%I
%S 2,3,7,13,17,19,29,37,43,53,59,73,79,97,103,107,109,113,127,137,149,
%T 157,163,173,193,197,223,227,229,233,239,257,293,307,313,317,337,347,
%U 349,379,389,409,433,439,443,449,457,467,479,487
%N The elements of the set P5 in ascending order.
%C P5 is the largest set of primes satisfying the conditions: (1) 5 is not in P5; (2) a prime p>5 is in P5 iff all prime divisors of p1 are in P5.
%C P5 is also the set of all primes p for which the Pratt tree for p has no node labeled 5.
%C It is conjectured that this sequence is infinite.
%H Ivan Neretin, <a href="/A220814/b220814.txt">Table of n, a(n) for n = 1..10000</a>
%H K. Ford, S. Konyagin and F. Luca, <a href="http://arxiv.org/abs/0904.0473">Prime chains and Pratt trees</a>, arXiv:0904.0473 [math.NT], 20092010; Geom. Funct. Anal., 20 (2010), pp. 12311258.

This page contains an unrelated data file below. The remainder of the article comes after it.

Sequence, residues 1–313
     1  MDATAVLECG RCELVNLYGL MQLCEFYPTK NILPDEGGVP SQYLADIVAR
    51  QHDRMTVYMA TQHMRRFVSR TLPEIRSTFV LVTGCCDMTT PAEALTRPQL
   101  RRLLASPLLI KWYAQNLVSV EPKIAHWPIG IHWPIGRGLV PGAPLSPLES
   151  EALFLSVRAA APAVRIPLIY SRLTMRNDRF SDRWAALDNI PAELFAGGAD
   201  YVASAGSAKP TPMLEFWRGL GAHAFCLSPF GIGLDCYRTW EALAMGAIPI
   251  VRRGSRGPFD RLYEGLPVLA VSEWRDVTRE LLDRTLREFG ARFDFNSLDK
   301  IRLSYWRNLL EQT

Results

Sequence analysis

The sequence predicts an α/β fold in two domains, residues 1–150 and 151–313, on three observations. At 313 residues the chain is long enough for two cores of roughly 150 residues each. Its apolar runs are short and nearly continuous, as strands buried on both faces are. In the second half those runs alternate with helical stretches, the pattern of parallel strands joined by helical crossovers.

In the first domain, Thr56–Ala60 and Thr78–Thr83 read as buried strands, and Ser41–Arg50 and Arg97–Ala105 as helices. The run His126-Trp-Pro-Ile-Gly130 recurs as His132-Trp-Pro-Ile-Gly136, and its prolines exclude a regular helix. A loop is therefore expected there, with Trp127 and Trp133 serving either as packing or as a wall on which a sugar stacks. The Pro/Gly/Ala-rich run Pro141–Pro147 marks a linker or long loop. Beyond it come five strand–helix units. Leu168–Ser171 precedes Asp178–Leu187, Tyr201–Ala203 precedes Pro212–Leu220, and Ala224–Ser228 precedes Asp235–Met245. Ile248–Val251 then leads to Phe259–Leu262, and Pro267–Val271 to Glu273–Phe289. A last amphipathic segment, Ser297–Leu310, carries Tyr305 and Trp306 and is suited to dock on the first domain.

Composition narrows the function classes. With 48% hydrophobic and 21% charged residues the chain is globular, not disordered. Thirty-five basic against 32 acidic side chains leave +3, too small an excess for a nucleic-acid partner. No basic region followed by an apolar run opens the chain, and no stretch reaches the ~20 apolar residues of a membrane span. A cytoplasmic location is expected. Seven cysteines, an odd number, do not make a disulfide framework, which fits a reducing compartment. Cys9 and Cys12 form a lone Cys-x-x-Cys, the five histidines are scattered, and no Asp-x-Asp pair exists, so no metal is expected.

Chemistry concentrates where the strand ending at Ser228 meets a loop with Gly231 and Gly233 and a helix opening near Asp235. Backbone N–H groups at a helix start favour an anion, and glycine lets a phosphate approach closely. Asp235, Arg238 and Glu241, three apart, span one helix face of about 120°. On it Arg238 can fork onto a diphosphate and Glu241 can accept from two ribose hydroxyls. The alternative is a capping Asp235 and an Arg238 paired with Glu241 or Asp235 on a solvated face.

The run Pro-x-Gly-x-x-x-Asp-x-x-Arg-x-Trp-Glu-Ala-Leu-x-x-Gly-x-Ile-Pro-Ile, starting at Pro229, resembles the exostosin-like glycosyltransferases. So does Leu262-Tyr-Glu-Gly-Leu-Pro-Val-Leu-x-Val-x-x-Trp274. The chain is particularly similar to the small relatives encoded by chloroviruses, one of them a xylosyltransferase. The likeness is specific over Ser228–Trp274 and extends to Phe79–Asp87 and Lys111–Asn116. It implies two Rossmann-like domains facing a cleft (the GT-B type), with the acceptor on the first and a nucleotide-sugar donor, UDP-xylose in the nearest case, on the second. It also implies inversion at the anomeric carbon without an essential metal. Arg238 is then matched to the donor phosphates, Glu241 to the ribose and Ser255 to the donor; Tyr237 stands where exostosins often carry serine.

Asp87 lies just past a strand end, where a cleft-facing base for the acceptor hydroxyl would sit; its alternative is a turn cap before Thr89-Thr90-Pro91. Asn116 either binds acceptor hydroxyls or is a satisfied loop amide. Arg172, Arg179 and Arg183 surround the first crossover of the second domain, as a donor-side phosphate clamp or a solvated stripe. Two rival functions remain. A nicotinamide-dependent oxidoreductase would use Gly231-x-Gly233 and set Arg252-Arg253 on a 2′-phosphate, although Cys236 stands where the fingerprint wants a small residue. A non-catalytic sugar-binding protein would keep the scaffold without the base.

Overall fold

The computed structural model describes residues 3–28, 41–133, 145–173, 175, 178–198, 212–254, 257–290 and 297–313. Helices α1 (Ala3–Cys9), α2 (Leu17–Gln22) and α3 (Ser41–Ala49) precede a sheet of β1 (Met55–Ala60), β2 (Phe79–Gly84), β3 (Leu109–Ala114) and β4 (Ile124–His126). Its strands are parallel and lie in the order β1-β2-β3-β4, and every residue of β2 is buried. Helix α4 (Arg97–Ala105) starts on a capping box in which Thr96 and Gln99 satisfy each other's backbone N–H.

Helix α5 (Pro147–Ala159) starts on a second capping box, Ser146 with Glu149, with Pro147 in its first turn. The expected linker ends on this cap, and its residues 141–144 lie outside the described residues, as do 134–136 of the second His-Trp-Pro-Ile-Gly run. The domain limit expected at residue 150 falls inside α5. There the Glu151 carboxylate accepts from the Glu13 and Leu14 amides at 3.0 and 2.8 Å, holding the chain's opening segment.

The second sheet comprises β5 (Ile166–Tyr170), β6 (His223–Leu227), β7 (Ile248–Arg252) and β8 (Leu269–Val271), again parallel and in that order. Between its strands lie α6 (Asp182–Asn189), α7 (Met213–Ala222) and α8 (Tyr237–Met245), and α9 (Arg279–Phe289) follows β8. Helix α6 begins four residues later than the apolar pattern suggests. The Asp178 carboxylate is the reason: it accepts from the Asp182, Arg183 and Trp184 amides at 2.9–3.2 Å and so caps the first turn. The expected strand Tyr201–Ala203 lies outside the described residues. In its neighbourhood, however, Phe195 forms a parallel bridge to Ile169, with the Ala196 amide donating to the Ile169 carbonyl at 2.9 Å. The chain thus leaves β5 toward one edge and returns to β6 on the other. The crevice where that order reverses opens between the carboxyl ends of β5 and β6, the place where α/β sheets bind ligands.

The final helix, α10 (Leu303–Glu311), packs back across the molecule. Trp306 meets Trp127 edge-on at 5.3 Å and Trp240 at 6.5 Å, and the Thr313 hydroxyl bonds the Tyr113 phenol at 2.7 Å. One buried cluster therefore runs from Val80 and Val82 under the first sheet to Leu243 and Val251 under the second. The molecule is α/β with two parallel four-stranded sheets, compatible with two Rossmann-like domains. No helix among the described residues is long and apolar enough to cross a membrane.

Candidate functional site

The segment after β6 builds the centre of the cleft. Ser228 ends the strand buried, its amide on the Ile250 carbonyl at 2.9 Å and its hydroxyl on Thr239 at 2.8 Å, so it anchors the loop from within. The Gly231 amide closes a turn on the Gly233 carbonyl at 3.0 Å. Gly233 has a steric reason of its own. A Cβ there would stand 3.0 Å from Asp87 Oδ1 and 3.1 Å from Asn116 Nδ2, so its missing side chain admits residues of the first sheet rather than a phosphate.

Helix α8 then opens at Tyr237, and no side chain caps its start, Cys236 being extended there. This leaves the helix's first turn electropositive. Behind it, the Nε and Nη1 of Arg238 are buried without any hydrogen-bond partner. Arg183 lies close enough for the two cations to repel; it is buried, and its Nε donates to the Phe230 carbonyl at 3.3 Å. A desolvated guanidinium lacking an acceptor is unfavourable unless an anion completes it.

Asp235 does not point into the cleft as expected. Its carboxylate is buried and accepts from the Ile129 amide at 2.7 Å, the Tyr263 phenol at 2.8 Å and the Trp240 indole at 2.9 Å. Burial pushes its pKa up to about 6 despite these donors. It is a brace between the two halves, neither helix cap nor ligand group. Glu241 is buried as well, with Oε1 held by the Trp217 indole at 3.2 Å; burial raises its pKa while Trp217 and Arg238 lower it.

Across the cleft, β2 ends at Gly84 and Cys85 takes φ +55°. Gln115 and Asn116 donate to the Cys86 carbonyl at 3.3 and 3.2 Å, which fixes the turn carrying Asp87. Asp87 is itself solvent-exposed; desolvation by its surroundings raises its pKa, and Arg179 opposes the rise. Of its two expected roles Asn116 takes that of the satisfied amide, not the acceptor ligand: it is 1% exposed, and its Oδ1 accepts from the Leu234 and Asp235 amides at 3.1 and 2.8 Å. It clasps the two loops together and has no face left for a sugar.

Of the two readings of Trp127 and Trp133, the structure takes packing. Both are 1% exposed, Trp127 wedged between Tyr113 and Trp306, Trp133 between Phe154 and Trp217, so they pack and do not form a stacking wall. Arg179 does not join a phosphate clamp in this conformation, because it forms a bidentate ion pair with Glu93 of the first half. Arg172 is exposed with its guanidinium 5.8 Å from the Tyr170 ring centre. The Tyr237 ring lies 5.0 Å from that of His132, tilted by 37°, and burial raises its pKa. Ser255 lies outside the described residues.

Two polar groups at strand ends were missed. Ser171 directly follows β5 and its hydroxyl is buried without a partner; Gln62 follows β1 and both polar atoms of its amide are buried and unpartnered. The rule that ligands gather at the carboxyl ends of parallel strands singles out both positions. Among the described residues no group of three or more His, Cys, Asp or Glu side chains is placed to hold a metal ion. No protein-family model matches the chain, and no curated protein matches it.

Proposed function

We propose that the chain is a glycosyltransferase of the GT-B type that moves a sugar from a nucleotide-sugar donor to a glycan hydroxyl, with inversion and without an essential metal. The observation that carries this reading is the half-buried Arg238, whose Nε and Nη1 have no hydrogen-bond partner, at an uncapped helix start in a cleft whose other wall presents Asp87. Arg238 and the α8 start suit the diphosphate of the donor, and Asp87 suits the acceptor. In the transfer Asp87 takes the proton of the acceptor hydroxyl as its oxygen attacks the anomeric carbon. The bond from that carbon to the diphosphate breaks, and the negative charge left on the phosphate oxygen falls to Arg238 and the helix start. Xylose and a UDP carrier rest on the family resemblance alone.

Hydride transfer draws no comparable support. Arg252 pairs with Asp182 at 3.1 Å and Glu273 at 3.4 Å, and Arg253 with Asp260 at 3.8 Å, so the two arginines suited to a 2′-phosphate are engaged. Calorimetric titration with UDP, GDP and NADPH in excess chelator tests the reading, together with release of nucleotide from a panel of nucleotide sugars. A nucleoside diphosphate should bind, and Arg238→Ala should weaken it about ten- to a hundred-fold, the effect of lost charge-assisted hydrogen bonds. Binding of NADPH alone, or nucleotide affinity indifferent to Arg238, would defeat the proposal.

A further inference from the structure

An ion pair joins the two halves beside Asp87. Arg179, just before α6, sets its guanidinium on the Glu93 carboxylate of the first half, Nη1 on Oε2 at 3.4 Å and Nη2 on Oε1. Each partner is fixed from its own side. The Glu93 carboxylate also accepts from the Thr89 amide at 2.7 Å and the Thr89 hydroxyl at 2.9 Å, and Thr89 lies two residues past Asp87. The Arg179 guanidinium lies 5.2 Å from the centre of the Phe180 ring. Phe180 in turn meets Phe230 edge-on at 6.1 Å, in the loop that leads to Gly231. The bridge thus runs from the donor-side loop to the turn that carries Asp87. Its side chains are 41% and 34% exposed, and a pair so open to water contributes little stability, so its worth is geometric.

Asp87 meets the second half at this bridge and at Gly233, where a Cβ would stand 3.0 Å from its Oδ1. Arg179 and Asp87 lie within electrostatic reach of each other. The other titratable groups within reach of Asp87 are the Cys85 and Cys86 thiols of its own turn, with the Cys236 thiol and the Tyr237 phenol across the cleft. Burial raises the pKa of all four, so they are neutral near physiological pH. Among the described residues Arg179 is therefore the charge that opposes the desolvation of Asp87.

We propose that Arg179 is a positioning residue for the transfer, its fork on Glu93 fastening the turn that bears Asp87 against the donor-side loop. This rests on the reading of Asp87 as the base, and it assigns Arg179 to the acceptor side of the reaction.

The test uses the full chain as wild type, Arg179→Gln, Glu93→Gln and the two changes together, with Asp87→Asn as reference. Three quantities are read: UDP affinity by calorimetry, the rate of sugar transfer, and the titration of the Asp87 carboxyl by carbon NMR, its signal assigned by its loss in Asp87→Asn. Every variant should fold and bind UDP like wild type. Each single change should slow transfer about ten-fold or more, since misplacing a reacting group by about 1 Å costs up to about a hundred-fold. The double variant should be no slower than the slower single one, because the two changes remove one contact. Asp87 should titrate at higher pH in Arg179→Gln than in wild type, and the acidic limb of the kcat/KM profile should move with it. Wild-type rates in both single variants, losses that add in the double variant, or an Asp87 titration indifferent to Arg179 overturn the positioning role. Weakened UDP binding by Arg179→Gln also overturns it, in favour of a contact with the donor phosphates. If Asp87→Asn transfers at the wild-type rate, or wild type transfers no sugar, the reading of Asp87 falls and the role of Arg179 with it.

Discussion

%H Kevin Ford, <a href="http://arxiv.org/abs/1212.3498">Sieving by very thin sets of primes, and Pratt trees with missing primes</a>, arXiv preprint arXiv:1212.3498 [math.NT], 20122013.
%F Ford proves that a(n) >> n^k for some k > 1.  _Charles R Greathouse IV_, Dec 26 2012
%e 7 is in P5, because 71 = 2*3 and 2, 3 are in P5.
%t P5 = {2}; For[p = 2, p < 1000, p = NextPrime[p], If[p != 5 && AllTrue[ FactorInteger[p  1][[All, 1]], MemberQ[P5, #] &], AppendTo[P5, p]]];
%t P5 (* _JeanFrançois Alcover_, Jan 05 2019 *)
%o (PARI) P(k,n)=if(n<=k, n<k, my(f=factor(n1)[,1]); for(i=1, #f, if(!P(k, f[i]), return(0))); 1)
%o is(n)=isprime(n) && P(5,n) \\ _Charles R Greathouse IV_, Dec 26 2012
%Y Cf. A220813, A220815.
%K nonn
%O 1,1
%A _Franz Vrabec_, Dec 22 2012